How Olympia Dukakis Taught Me to Speak Up
“When is the tall one going to talk?”
This is what actress Olympia Dukakis used to ask other staff members at the Whole Theatre, where I was the Public Relations Director. I was 29 years old and Olympia was my boss. And I was afraid to speak my mind in front of her—or any of the rest of my colleagues, for that matter.
I had so many reasons. I was afraid of looking stupid, or ill-informed, or unprepared—even though I was none of those things. I was afraid of the possible reactions of my fellow staffers: “What are you trying to pull?” “Are you trying to make me look bad?” “Are you angling for my job?” “Do you think you’re smarter than me?” “Do you think you’re better than me?”
I think these are the same reasons why most women don’t speak up. It’s the fear factor.
Most of us are trained to be “good girls,” to make things “nice,” and to not be too assertive or outspoken. We’re taught to seek the approval of others, not to rock the boat.
But this is a formula for a lack of confidence and low self-esteem in the workplace. And in my case, my employer, saw it in high def.
I didn’t like it. So I decided to throw myself into my job and work hard to do it well. In the process, I realized that when I gave Olympia my opinions, she valued what I had to say. And as we worked and problem-solved together, I began finding my voice.
What helped the most, though, was having her as a role model.
Here’s what I mean. One time, at the table read for a play, the entire theater staff was assembled. The prestigious, award-winning director and I had already been speaking for several weeks coordinating press interviews, all of which had gone well, without any problems.
Then, in front of everyone, the director called me a liar. The room instantly became quiet, and I was as confused as I was horrified. And I was humiliated.
Olympia took one look at my face and said to the director, “You must be mistaken. I know that would never happen with Bonnie. Let’s talk about this later.” And we moved on.
I discovered that the director was a serial bully who enjoyed the power trip. I also discovered that the thing about bullies is that they’re only threatening until they’re directly confronted. Then they shrink away, and unfortunately, choose someone else to bully. (Try it—say, “I won’t be spoken to that way,” and mean it. Watch what happens.)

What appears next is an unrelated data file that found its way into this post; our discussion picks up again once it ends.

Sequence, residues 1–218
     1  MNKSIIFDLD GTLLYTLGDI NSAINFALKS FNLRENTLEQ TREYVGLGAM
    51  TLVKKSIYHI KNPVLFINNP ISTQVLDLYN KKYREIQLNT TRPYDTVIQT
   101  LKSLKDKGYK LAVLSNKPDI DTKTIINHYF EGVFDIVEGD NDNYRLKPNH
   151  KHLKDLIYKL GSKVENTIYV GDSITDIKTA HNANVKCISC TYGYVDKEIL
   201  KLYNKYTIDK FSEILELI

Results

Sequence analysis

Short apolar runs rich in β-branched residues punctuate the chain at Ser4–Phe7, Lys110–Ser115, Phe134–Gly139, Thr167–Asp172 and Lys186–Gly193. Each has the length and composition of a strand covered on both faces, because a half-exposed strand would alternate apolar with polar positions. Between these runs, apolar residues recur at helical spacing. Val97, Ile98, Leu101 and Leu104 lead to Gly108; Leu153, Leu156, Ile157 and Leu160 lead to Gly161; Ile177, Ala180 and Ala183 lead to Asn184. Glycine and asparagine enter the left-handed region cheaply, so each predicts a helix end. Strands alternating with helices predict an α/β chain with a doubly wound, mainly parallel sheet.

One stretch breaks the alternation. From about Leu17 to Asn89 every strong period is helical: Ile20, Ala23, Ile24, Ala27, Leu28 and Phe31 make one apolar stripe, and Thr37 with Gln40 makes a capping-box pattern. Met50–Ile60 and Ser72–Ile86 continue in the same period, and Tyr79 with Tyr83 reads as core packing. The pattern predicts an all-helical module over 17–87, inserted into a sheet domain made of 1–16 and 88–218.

But Olympia stood up for me, and that’s when I learned the power of speaking up and saying what needs to be said. Time and again I’ve witnessed the relief in the room when Olympia said the thing that everyone was thinking, but no one wanted to say. In most cases, I witnessed how speaking up makes things better—even makes the elephant in the room disappear.
Now, at 54, after working with Olympia for 25 years, I say the hard things, too. I would be lying if I said I’m now totally comfortable speaking up, but I do it and I’ve gotten much better at it. I encourage other women to do it, too. Take it from me—the only way you’ll find your own voice, get it heard, and become a powerful force in your workplace is to speak up, again and again. And practice definitely makes it easier.
A producer recently became verbally abusive to me on the phone, and when I tried to speak, he cut me off. Finally, I raised my voice and said, “If you will let me speak without interrupting me, I can help solve this problem. If not, I’m hanging up.” He stopped talking.
And I, the tall one, am determined to never lose my voice again.